According to [33-41], Jaccard between two words wi and wj has the equations

, ,

| ∩ | | ∪ | 3

and other type of the Jaccard equation between two words wi and wj has the equation

Jaccard wi, wj J wi, wj sim wi, wj F wi, wj

F wi F wj F wi, wj 4

and SO (sentiment orientation) of word wi has the equation

SO wi Sim wi, positive

Sim wi, positive 5

In [33-40] the positive and the negative of Eq. (5) in English are: positive = {good, nice, excellent, positive, fortunate, correct, superior} and negative = {bad, nasty, poor, negative, unfortunate, wrong, inferior}.

The Jaccard equations with the Google search engine in English are used in [33, 34, 36]. [16] and [40] use the Jaccard equations in English. [39] and [41] use the Jaccard equations in Chinese. [37] uses the Jaccard equations in Arabic. The Jaccard

equations with the Chinese search engine in Chinese are used in [38].

The authors in [47] used the Ochiai Measure through the Google search engine with AND operator and OR operator to calculate the sentiment values of the words in Vietnamese. The authors in [48] used the Cosine Measure through the Google search engine with AND operator and OR operator to identify the sentiment scores of the words in English. The authors in [49] used the Sorensen Coefficient through the Google search engine with AND operator and OR operator to calculate the sentiment values of the words in English. The authors in [50] used the Jaccard Measure through the Google search engine with AND operator and OR operator to calculate the sentiment values of the words in Vietnamese. The authors in [51] used the Tanimoto Coefficient through the Google search engine with AND operator and OR operator to identify the sentiment scores of the words in English

With the above proofs, we have this: PMI is used with AltaVista in English, Chinese, and Japanese with the Google in English; Jaccard is used with the Google in English, Chinese, and Vietnamese. The Ochiai is used with the Google in Vietnamese. The Cosine and Sorensen are used with the Google in English.

According to [20-51], PMI, Jaccard, Cosine, Ochiai, Sorensen, Tanimoto, and Yule-II coefficient (YIIM) are the similarity measures between two words, and they can perform the same functions and with the same characteristics; so YIIM is used in calculating the valence of the words. In addition, we prove that YIIM can be used in identifying the valence of the English word through the Google search with the AND operator and OR operator.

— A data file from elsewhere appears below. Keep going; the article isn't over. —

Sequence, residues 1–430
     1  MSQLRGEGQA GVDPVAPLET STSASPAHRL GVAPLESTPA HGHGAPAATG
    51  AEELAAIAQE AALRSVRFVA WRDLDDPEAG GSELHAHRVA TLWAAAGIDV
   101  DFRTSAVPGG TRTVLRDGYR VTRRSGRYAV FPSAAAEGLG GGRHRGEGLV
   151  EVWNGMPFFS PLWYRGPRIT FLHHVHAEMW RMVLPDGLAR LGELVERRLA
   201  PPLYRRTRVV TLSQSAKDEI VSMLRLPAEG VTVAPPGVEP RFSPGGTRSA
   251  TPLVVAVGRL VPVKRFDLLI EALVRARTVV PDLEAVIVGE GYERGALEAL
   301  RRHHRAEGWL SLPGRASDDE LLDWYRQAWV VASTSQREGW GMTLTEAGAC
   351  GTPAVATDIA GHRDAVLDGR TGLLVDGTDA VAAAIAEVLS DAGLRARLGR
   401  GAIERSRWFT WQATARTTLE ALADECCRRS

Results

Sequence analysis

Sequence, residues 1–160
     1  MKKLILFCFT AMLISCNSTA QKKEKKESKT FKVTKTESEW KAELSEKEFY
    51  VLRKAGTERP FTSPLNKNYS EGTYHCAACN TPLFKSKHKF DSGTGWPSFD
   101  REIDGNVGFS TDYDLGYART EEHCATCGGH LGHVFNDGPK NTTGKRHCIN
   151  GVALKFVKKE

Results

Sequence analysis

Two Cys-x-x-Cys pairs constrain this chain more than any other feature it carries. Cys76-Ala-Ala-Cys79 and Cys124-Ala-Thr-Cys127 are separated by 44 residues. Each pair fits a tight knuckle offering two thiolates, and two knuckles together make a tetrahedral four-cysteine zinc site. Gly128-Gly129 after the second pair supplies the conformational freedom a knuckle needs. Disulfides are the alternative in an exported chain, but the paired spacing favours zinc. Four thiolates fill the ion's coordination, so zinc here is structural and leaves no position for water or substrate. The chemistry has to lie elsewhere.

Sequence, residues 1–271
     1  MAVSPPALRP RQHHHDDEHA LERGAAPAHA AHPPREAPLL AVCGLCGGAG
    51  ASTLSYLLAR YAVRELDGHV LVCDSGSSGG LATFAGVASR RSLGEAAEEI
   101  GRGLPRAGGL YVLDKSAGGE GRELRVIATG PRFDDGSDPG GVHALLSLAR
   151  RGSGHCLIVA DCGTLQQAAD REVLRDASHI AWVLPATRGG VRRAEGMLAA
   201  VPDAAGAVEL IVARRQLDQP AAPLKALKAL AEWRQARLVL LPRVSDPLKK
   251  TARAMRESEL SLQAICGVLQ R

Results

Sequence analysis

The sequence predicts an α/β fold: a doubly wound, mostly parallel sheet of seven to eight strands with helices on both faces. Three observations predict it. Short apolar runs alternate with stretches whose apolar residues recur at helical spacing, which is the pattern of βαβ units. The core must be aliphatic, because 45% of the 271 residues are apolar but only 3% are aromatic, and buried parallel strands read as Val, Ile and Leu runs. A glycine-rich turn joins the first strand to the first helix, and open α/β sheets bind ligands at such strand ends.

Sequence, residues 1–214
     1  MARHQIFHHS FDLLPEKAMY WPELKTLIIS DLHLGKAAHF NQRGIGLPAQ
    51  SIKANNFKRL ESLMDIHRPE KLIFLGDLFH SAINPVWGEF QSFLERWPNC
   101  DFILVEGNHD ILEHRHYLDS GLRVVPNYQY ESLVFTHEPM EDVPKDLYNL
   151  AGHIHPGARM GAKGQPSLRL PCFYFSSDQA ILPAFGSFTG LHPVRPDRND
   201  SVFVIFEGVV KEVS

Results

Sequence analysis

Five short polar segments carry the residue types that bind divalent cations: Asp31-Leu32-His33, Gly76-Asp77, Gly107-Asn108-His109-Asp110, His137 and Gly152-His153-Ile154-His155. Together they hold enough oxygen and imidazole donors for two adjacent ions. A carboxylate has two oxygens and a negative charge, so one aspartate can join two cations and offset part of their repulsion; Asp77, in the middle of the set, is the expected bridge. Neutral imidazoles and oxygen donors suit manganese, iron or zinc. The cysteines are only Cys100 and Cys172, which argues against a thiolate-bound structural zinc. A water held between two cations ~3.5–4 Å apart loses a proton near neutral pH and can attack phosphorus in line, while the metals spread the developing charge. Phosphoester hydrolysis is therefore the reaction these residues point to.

With the Yule-II coefficient (YIIM) in [58-63], we have the equation of the YIIM:

Yule II Coefficient a, b Yule II Measure a, b YIIM a, b a ∩ b ∗ a ∩ b a ∩ b ∗ a ∩ b

a ∩ b a ∩ b ∗ a ∩ b a ∩ b ∗ a ∩ b a ∩ b ∗ a ∩ b a ∩ b 6

with a and b are the vectors.

Figure

Figure 2: The final Map – the result of clustering by  using the SOM

Figure 2:

The final Map – the result of clustering by using the SOM p.3
Figure 4: Our training data set in English.

Figure 4:

Our training data set in English. p.5
Figure 6: Overview of using Self-Organizing Map Algorithm to cluster the documents of the testing data set

Figure 6:

Overview of using Self-Organizing Map Algorithm to cluster the documents of the testing data set p.6
Figure 5: Overview of our new model.

Figure 5:

Overview of our new model. p.6
Figure 7: An initialization of the SOM – the Map

Figure 7:

An initialization of the SOM – the Map p.7
Figure 8: The final Map – the result of clustering by  using the SOM

Figure 8:

The final Map – the result of clustering by using the SOM p.7
Figure 9: Overview of using Self-Organizing Map Algorithm to cluster the documents of the testing data set

Figure 9:

Overview of using Self-Organizing Map Algorithm to cluster the documents of the testing data set p.10
Figure 11: The final Map – the result of clustering by  using the SOM

Figure 11:

The final Map – the result of clustering by using the SOM p.11
Figure 13:  Overview of transferring the documents of the testing data set into the multi-dimensional vectors of

Figure 13:

Overview of transferring the documents of the testing data set into the multi-dimensional vectors of p.12
Figure 14:  Overview of transferring the positive documents of the training data set into the positive multi-

Figure 14:

Overview of transferring the positive documents of the training data set into the positive multi- p.13
Figure 15:  Overview of transferring the negative documents of the training data set into the negative multi-